Like an above poster said. Please don't set off the gaydar; that's annoying to us guys since 80% of the class are already filled with women and we don't need more added to the percentile
cjcsoon2bnp, MSN, RN, NP
I've had both coworkers and classmates who are gay (male and female) and to be perfectly honest no one else really cared about their sexual orientation because it has nothing to do with the quality of healthcare provider you are. As another user mentioned that if you come off as overly flamboyant then you may draw some negative attention to yourself but as long as you are a professional in school or the workplace then you should be fine. If you are being harassed or bullied in the workplace based on your sexuality (or for any reason) you need to report it to your manager and to Human Resources because everyone has the right to feel safe and free from harassment in their workplace.
Ditto ? Yay for the gays in nursing school...we keep the girls from killing each other
I find it hard to be myself, and still live down those stereotypical "flamboyant" expectations of the girls/women I find myself in classes with. Nursing school will be difficult, but as I go to a Junior College (population of about 6,000 students) the odds are that I will more than likely have known a few of the enrolled from before this semester. If that is the case, then I hope to become friends with a few and participate in group studies... If my last Nursing School experience is any indication of what I have to look forward to then I will not make many friends or participate in group studies. I will be left to my own devices. That is a sucky realization, but in the end I am doing this for myself and hopefully to make the lives of the children I plan on having (surrogacy or adoption) better. Grunt, Grin, & bare it all.... It will be worth it they say.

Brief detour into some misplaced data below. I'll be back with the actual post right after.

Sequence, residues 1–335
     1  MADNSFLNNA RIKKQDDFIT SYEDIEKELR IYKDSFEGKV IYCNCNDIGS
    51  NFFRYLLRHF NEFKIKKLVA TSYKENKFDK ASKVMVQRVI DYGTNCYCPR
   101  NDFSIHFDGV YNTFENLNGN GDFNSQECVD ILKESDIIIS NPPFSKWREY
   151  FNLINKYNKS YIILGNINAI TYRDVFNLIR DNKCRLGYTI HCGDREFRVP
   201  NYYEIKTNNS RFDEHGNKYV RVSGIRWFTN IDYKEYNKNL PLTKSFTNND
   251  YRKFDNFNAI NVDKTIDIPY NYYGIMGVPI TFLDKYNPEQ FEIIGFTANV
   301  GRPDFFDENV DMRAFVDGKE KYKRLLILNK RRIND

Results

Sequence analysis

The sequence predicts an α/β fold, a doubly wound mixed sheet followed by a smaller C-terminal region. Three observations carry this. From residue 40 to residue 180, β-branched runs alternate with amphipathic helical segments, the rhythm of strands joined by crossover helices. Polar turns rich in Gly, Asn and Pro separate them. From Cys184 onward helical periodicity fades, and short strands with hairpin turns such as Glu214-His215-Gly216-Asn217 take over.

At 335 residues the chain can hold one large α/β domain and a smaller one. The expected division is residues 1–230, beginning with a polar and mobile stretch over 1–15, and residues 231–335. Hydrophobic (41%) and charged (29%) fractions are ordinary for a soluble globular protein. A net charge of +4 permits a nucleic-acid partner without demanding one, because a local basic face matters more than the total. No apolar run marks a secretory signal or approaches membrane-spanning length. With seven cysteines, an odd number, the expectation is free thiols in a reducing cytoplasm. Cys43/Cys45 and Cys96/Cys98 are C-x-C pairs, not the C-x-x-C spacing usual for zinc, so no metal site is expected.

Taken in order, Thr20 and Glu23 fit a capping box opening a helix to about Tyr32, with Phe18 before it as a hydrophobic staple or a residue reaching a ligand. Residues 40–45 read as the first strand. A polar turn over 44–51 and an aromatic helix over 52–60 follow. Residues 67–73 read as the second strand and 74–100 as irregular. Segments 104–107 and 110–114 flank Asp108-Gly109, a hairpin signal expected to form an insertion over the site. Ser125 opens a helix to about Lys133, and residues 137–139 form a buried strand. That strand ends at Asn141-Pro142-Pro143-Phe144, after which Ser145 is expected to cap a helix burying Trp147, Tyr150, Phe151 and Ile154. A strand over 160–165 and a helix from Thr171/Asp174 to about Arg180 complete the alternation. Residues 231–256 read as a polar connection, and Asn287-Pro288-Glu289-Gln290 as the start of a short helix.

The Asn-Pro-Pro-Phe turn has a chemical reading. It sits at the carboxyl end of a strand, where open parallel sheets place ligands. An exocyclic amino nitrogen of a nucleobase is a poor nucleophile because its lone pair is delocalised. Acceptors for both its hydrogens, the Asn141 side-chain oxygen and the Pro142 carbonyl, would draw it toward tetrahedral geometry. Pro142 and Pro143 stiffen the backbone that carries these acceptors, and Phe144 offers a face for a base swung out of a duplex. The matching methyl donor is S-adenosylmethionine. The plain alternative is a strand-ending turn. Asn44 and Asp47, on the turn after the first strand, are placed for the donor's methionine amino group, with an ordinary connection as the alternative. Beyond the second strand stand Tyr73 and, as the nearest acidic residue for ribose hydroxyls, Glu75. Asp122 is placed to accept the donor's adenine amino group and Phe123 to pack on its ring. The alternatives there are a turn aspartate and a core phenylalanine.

I am about to start applying to direct entry programs and have been considering this a lot. Everyone says men have an advantage in these applications because there is a need for male nurses...but not as much for gay male nurses. Has anyone heard this? A lot of my research and experience I have on my resume relates to LGBT issues, but I am thinking of excluding that info to maintain my cover and potentially increase my chances.
Thoughts anyone please? Thanks!
In school I felt very discriminated but more so from my fellow peers. Most my classmates were African and very homophobic. They would give me those looks that could kill but at the end I graduated and the girls seemed to be more open and friendly. As a male you get more favor from the teacher they like to see men in the field from what I was told by a professor.